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Lessons Learned

Critical Care Management of Patients With Ebola in the United States*

Johnson, Daniel W. MD1; Sullivan, James N. MD1; Piquette, Craig A. MD2; Hewlett, Angela L. MD3; Bailey, Kristina L. MD2; Smith, Philip W. MD3; Kalil, Andre C. MD3; Lisco, Steven J. MD, FCCM1

doi: 10.1097/CCM.0000000000000935
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Objective: This report will describe the preparations for and the provision of care of two patients with Ebola virus disease in the biocontainment unit at the University of Nebraska Medical Center.

Data Sources: Patient medical records.

Study Selection: Not applicable.

Data Extraction: Not applicable.

Data Synthesis: Not applicable.

Conclusions: Safe and effective care of patients with Ebola virus disease requires significant communication and planning. Adherence to a predetermined isolation protocol is essential, including proper donning and doffing of personal protective equipment. Location of the patient care area and the logistics of laboratory testing, diagnostic imaging, and the removal of waste must be considered. Patients with Ebola virus disease are often dehydrated and need adequate vascular access for fluid resuscitation, nutrition, and phlebotomy for laboratory sampling. Advanced planning for acute life-threatening events and code status must be considered. Intensivist scheduling should account for the significant amount of time required for the care of patients with Ebola virus disease. With appropriate precautions and resources, designated hospitals in the United States can safely provide care for patients with Ebola virus disease.

1Division of Critical Care, Department of Anesthesiology, University of Nebraska Medical Center, Omaha, NE.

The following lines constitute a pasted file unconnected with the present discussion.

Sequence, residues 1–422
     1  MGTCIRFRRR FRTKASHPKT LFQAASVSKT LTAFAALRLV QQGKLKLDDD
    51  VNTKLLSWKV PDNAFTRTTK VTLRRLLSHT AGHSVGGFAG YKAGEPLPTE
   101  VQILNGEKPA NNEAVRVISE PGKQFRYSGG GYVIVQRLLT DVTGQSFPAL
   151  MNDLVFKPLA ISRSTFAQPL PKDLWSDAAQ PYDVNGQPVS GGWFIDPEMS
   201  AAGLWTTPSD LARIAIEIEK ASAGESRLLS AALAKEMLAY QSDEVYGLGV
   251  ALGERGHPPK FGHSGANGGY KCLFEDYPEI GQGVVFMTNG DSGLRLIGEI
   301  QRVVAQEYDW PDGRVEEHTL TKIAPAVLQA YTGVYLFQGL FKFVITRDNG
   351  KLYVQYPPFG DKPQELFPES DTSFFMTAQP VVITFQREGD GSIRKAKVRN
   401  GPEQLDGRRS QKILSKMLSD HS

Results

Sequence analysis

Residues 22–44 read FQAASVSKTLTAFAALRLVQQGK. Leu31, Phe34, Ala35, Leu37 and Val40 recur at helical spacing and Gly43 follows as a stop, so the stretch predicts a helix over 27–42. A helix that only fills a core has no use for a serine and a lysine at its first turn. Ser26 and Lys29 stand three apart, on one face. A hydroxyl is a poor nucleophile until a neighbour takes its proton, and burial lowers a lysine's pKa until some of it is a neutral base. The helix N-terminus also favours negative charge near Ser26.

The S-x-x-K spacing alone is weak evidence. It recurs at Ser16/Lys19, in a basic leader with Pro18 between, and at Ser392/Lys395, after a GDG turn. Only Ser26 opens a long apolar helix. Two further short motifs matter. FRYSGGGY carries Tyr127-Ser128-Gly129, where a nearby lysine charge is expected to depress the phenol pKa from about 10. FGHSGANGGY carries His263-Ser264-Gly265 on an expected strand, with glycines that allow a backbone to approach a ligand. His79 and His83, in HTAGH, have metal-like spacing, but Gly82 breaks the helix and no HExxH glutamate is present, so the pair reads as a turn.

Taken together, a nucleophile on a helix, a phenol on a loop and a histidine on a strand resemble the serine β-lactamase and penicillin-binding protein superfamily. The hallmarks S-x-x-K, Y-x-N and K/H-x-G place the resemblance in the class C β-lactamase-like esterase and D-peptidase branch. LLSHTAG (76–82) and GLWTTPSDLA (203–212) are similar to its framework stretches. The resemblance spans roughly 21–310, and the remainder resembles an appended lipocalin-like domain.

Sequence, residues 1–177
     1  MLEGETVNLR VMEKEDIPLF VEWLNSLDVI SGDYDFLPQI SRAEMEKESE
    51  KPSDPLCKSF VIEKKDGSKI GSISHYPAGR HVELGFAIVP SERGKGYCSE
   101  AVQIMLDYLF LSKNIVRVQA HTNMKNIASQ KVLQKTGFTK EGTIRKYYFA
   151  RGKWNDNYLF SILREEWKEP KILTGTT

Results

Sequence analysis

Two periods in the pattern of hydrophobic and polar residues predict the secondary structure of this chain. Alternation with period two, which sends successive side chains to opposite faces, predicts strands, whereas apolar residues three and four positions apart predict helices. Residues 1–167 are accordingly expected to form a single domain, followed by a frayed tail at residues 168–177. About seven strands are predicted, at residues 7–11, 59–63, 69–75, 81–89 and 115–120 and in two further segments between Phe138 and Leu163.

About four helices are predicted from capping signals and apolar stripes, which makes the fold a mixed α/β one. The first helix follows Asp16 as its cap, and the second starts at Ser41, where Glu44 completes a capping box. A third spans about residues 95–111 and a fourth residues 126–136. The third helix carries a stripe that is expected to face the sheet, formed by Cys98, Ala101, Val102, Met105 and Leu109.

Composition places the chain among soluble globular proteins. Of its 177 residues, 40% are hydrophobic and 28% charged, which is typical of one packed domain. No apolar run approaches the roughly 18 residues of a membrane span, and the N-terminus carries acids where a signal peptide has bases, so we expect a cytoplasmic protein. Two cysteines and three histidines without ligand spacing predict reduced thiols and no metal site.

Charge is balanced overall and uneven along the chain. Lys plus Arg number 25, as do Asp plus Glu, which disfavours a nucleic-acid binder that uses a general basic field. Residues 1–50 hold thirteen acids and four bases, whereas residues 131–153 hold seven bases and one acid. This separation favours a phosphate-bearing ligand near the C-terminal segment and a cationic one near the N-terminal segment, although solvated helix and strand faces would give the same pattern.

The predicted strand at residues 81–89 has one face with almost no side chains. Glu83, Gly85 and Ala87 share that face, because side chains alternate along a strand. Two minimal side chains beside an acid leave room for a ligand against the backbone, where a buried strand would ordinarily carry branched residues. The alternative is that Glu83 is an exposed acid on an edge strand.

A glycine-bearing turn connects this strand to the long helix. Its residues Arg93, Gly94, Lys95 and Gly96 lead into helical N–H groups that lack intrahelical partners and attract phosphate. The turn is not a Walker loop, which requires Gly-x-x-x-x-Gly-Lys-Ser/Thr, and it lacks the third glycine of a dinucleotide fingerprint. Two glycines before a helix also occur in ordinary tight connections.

2Division of Pulmonary, Critical Care, Sleep, and Allergy, Department of Internal Medicine, University of Nebraska Medical Center, Omaha, NE.

3Division of Infectious Diseases, Department of Internal Medicine, University of Nebraska Medical Center, Omaha, NE.

* See also p. 1326.

This work was performed at University of Nebraska Medical Center, Omaha, NE.

Supported, in part, by the University of Nebraska Medical Center.

Dr. Piquette has disclosed government work. Dr. Hewlett’s institution received grant support from Pfizer (orthopedic infections research grant). Dr. Lisco served as a board member for the University of Nebraska Medical Center Physicians and the Association of Midwest Academic Anesthesiology (Chairman); is employed by the University of Nebraska Medical Medical Center and the University of Nebraska Medical Center Physicians; was employed in the past by the University of Cincinnati and the University of Cincinnati Physicians; and has patents with RADLyn, LLC (US 2008/0066746 A1: Nelson LA; Lisco SJ: Method and Device for Placing an Endoctracheal Tube. Patent approved 11/2010). He provided expert testimony for Calderhead, Lockemeyer & Peschke; ROTHBERG LOGAN & WARSCO; PROCHASKA, GIROUX, AND HOWELL; Williams, Hall & Latherow; McGOWAN & JACOBS; Wellman, Nichols & Smith; Martin F. White, Co, LPA; and Dellecker, Wilson, King, McKenna, Ruffier, & Sos. The remaining authors have disclosed that they do not have any potential conflicts of interest.

For information regarding this article, E-mail: dan.johnson@unmc.edu

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